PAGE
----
My RIP series concerns toys I’ve once loved that are discontinued, or that I can no longer recommend for various reasons.
cw: mentions of yeast infections, many pictures of cemeteries & tombstones
This post features product photos taken directly from Amazon.
I was going to launch this new RIP series because there are toys I love, or once loved, that are discontinued. I began this post thinking that would be the case here, and then quickly realized I’d have to slightly broaden the series goals to things that, for one reason or another, I can’t recommend. It seems that Doc Johnson’s Lucid Dream #14, unlike the others I’ll be discussing in future posts, is still available. You could buy it, on Prime even, and get it shipped to your house tomorrow. It seems to be the last holdout of the once wildly popular Lucid Dream series. I’m linking it at the bottom in the interest of full honesty. But I’m including it in this series anyway, because I cannot, in any good conscience, own or recommend this toy ever again, and in a way, I mourn it.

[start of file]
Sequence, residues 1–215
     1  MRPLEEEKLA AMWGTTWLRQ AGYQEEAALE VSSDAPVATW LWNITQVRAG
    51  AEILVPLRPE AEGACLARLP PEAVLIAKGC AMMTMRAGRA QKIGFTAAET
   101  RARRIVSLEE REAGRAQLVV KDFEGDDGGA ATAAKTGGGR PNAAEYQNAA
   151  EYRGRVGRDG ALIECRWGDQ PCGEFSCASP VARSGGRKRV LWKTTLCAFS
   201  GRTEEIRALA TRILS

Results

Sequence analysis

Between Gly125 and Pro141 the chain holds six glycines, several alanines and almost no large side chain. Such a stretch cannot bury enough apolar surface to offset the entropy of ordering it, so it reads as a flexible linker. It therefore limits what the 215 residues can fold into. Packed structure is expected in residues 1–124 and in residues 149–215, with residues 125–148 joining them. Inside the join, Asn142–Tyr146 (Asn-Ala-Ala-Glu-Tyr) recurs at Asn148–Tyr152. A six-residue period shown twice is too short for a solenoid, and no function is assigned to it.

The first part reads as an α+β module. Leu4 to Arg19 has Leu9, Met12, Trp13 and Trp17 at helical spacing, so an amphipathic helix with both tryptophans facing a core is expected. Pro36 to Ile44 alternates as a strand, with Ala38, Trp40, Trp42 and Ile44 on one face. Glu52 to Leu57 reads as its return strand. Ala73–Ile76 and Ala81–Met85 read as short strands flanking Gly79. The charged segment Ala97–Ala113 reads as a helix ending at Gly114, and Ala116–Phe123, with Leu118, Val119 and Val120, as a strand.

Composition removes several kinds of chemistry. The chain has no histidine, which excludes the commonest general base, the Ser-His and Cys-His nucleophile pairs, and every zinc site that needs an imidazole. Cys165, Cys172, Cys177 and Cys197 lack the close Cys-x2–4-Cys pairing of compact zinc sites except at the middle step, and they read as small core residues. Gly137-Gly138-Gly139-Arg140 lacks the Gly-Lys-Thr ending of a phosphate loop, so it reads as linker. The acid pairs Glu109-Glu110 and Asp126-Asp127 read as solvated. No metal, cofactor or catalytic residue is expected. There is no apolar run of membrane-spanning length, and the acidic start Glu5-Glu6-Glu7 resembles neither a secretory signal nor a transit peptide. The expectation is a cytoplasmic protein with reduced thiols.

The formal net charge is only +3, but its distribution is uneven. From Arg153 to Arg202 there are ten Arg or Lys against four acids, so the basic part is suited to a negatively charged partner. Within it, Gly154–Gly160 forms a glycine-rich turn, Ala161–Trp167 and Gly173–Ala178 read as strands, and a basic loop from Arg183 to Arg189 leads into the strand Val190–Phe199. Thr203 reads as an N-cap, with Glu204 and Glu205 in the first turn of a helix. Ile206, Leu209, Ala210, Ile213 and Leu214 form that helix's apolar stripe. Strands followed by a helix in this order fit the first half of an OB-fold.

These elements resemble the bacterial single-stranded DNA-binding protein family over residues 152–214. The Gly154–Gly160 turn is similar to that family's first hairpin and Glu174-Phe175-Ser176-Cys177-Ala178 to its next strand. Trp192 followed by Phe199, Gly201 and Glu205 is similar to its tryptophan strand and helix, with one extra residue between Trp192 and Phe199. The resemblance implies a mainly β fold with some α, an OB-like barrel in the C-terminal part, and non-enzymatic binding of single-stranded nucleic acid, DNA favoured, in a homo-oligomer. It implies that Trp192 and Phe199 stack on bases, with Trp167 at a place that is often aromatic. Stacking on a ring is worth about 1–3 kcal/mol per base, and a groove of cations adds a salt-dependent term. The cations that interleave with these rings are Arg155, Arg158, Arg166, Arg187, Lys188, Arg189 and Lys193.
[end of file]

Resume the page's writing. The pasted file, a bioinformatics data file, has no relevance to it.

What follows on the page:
Let me back up a little. Lucid Dream #14 was the first vibrator I ever bought, a Christmas gift to myself in 2009. An online friend helped me pick it out, as I was working through depression and an oppressive Christian college environment. I would be leaving school at the end of the semester, with my last semester all done online, and to celebrate my new freedom, I wanted a sex toy. The friend in question gave me a few Amazon links, and then when I decided to go with this one, said, “Is it weird if I say…twinsies?”